Every day when I wake up, I have to do my version of getting back on the horse. The pains and disappointments of the previous day assault me and I have to throw them off and get back on the happy horse. I grasp the wooden cross that lays on my chest while I sleep, and I remind myself of the promises of Jesus, the most excellent, happiest of news. I smile and then I go to my shrine, cross myself and offer myself for the day, promising to do better, be better, incline myself better toward the Lord. Then I turn on the altar lights and my day begins. Directly after doing that this morning, I discovered a large, long piece of dog poop in my closet.
Even though I had walked that little dog at 6:00 in the morning, by the time I woke up at 10:00, he'd befouled my closet. Clearly, the dog is not housebroken and, at 3 years old, it is doubtful I would be successful in training him. If I lived in a house and had a doggie door, perhaps that would be the ticket, but I live in an apartment and I don't even have a fenced-in yard. Anyway, he is the wrong dog for me. I need a dog that will help me, not cause me extra anxiety.
After downing a strong mug of coffee, I took the little fellow back to the shelter. I do my best not to dwell on the block of sadness at the bottom of my stomach. Several people will be critical of my taking the pup back to the shelter. They do not understand that the dog is not a pet for me. It has a job. It is a service animal. Someone else WILL snatch him up. Bringing him back was the right thing to do.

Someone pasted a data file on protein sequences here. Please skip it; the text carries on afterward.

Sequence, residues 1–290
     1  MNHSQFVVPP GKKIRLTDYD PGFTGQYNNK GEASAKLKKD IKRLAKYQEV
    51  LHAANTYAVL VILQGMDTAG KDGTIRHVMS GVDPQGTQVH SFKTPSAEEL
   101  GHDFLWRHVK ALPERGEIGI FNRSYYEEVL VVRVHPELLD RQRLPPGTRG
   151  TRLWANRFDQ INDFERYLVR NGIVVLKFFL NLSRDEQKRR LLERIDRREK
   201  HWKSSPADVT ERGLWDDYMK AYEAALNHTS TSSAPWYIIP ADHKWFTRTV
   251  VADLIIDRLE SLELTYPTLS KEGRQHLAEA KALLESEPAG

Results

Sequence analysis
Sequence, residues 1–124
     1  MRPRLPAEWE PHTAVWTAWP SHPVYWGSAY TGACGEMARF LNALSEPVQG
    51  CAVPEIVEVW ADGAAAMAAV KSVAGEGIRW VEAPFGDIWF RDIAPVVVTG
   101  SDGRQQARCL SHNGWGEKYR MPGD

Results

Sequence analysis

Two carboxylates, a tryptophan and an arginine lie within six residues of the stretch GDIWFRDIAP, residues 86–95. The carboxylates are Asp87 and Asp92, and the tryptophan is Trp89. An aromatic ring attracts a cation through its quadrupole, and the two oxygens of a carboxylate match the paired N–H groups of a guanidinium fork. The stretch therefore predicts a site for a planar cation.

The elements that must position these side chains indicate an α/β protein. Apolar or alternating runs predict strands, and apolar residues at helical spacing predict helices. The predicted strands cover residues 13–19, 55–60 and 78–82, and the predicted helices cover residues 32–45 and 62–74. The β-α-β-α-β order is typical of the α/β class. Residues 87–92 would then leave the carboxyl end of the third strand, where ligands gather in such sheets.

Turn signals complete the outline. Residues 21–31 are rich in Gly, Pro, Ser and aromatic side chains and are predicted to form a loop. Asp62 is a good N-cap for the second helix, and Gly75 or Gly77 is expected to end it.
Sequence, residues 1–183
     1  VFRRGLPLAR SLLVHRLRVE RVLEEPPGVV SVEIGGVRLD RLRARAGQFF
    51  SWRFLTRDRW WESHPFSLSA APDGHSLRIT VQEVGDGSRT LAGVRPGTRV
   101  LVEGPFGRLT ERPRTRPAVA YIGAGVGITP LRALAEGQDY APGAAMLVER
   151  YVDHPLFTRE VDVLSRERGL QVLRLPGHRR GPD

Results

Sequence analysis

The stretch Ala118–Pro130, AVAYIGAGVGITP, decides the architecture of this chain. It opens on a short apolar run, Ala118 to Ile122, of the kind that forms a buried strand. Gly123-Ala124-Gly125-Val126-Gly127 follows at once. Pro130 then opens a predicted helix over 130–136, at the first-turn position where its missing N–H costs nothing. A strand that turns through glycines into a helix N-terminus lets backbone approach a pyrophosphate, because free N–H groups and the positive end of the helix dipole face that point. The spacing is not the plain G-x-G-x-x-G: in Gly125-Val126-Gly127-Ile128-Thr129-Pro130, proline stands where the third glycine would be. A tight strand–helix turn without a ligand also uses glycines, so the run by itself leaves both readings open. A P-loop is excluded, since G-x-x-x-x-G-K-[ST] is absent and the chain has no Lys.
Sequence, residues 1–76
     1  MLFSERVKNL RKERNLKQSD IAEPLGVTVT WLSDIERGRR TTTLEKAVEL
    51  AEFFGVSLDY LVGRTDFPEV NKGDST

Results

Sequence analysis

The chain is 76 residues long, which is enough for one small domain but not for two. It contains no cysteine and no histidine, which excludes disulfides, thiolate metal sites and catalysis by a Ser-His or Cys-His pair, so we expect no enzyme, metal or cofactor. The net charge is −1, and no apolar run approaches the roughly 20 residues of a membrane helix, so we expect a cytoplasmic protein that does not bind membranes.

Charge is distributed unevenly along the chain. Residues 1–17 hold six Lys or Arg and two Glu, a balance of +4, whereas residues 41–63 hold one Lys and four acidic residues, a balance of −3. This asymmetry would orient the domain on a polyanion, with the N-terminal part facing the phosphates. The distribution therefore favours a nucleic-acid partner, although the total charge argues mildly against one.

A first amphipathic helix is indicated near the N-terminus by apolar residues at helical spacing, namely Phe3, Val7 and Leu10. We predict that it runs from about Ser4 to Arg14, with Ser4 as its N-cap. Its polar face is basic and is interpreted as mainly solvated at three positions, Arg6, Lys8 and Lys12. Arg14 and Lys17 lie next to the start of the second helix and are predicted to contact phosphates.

I was in a lot of pain today and downed two pain pills at once. They barely made a dent in my pain level. Some days are just like that. The pain pills just don't work. I settled into my crochet project; a baby blanket for the Gabriel Project at Project Defending Life, stopping now and then to load the washer and dryer, cleaning all the fabrics and pillows on which the dog had slept. The cat was thrilled, and he flung himself across the freshly washed quilt that I arranged over the pink couch.
While I crochet, I say prayers for the baby that is going to use that blanket; prayers for a good life, a loving family, and a relationship with Jesus. I ask the Lord to be kind to the little one. While I am doing the laundry or eating my lunch, however, I am coming to grips with the very real possibility that I may never be able to get a service animal. I have to adjust my expectations. So MANY things are outside the realm of possibility for a poor person! I am so tired of the dwindling collection of available options of my life, but I must get over it and resign myself to the reality of the situation. It is important to me to learn to gracefully accept the will of God, and not to do so with bitterness or sour feeling. Plenty of people in the world are in far worse shape. Get back on the happy horse!
I enjoy the beauty of the baby blanket growing between my fingers and I thank the Lord for the skill and the ability. My carpal tunnel kicks in now and then, and I have to stop for a while, but it doesn't matter. I am not on a schedule and I can't get fired.
I feel the absence of the dog's energy in the house, and I deliberately displace the empty feeling with the satisfaction of creating a beautiful blanket. Back on the happy horse.
Silver Rose Parnell